How Do My Core Beliefs Influence My Relationships?

By Gaylyn Williams, , With 0 comments

Community coverHow Do My Core Beliefs Influence My Relationships?

Your core beliefs, which determine how you live your life, are foundational for this course. Since this concept is so important, this book challenges you to look at your own belief system.

For the purposes of this book, a core belief is defined as a firmly held conviction that consistently motivates your behavior.

Belief + Consistent Action = Core Belief

A belief is something you say you believe. However, a core belief is not only what you state you believe, but how you act most of the time. Your core beliefs determine much of what you think and feel about life, yourself and others. If you have healthy, biblical core beliefs, your relationships will be strong and successful. However, if they are not healthy, your relationships will suffer.

Core beliefs regarding communication affect the success or failure of your relationships. As you study, you may discover beliefs that limit your potential to build rewarding personal, professional and spiritual relationships. Ask God to give you an open mind to what He wants to teach you.

Insights about Core Beliefs

  1. A belief is something you accept as true, but don’t necessarily act on it. A core belief demonstrates how you live, not what you say you believe.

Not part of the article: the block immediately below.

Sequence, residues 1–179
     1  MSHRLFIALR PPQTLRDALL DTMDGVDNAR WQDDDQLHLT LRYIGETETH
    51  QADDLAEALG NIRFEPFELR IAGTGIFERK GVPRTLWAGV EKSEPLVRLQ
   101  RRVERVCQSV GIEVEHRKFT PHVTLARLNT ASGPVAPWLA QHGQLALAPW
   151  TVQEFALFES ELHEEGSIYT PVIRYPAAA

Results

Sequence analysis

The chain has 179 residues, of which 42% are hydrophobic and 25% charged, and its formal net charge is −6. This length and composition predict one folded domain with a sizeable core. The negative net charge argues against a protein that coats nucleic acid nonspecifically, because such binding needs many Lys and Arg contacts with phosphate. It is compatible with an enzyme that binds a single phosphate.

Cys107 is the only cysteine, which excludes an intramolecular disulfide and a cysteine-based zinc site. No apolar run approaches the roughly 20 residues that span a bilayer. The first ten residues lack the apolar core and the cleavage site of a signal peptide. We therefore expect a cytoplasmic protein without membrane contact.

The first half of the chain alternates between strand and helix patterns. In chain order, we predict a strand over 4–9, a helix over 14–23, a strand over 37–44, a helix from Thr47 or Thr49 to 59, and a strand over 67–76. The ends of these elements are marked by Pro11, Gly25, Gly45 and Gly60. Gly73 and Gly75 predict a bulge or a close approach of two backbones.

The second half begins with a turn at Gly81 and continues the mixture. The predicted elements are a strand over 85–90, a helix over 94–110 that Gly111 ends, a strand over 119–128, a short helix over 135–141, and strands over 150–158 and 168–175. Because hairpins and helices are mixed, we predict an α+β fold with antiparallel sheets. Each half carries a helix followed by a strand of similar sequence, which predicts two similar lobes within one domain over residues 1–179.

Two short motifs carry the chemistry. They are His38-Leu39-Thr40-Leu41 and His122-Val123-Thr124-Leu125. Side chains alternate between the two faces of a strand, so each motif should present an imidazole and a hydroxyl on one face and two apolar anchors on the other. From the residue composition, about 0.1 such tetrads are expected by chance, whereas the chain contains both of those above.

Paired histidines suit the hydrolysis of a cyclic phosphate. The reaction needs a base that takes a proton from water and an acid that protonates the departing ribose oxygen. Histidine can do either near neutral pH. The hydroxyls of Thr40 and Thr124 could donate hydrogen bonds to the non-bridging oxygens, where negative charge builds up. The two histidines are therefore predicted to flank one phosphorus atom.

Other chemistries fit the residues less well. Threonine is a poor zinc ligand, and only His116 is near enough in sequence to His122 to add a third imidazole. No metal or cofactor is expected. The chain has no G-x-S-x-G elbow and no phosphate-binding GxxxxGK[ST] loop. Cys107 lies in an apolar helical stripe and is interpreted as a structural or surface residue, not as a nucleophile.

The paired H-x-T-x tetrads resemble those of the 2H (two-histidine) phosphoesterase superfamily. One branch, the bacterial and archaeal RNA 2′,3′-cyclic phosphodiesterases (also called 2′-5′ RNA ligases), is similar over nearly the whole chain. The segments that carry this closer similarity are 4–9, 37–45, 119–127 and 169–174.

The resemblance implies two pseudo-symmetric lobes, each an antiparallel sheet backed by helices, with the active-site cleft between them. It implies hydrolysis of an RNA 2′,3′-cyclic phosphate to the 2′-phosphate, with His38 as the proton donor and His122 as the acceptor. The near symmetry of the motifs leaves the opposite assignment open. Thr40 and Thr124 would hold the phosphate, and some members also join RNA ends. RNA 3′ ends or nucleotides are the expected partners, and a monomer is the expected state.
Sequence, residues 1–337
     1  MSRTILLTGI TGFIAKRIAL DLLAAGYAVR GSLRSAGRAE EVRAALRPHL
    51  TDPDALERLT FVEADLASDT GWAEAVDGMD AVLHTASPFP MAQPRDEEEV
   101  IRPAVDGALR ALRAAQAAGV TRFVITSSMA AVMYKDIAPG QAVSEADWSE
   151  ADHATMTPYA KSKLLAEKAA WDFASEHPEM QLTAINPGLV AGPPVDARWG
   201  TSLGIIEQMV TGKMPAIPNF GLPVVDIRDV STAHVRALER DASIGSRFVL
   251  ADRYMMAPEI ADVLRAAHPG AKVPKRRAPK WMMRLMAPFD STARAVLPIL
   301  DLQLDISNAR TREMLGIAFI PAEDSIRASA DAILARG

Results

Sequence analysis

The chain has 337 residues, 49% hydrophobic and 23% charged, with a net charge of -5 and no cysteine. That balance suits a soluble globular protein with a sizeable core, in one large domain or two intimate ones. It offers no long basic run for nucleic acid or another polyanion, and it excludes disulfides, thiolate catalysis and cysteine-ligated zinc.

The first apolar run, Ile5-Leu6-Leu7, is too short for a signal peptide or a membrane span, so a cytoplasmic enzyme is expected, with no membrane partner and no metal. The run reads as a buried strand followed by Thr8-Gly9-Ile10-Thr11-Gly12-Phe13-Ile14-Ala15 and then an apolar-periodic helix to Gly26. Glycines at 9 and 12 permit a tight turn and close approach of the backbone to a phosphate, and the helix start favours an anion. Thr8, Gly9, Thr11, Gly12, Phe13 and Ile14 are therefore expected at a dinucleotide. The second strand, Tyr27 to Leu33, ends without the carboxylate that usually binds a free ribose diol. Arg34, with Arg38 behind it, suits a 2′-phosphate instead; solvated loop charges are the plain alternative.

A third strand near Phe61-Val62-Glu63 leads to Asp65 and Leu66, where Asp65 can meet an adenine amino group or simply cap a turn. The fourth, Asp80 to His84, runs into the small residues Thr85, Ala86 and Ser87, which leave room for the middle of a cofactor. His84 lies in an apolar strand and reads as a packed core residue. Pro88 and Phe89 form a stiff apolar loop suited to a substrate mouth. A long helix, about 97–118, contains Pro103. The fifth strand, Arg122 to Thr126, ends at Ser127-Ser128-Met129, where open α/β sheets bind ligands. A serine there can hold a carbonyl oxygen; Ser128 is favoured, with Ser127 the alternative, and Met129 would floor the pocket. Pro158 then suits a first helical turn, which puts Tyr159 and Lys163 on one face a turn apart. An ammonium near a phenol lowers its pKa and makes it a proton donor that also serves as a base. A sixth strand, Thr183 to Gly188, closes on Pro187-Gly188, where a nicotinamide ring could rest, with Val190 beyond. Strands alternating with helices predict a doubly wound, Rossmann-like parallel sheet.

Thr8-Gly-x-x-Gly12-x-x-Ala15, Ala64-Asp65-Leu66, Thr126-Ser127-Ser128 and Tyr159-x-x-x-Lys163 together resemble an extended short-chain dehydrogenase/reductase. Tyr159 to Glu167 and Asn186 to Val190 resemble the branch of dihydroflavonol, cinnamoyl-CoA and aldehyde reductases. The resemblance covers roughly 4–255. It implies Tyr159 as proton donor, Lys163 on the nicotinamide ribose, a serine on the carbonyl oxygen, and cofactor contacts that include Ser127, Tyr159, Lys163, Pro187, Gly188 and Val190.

2. You can have ideas you claim to feel strongly about, but if you don’t demonstrate them in the way you live, they are merely superficial ways of thinking—not core beliefs.
  3. The term “believe” in the New Testament usually refers to a core belief—something acted upon. Read James 2:14–26. What do those verses say about the relationship between actions and beliefs?
  4. You may or may not be aware of your core beliefs. Many are acted out, but not thought In other words, you may act on your core beliefs, but you haven’t analyzed or acknowledged what you believe.
  5. “Consistent” does not mean you live them out Rather, it means the usual way you live. For example, you may have a conviction about the importance of daily Bible reading. If you read your Bible most days, but occasionally miss a day, you are living that core belief. However, if you only open your Bible on Sundays, this is not a central belief; it is only something you say you believe.
  6. If your core beliefs accurately reflect truth and reality, they motivate you to act appropriately. The opposite is also true—some may be false and lead you to act inappropriately.

Here is one core belief to consider about managing conflicts well.

Conflict is normal in close relationships. Living and/or working closely together over time means that we will surely disagree at times, and that we will probably offend and irritate each other. We have different personalities, backgrounds, tastes, lifestyles and needs. These differences often result in conflicts.

Accepting conflict as a fact of life helps us deal with it better. Conflicts are not destructive in themselves. The way we handle them determines how destructive they are. In fact, when we handle conflicts well, we tend to draw closer to each other.

Excerpted from God’s Design for Community Online Course. It is filled with powerful, biblical principles that will empower you to transform all your relationships and communities.

I’m working on the next online course, Reconcilable Difference, about how to handle conflict in relationships and communities.

© 2015 Relationship Resources, Inc. All Rights Reserved. 800-788-9171.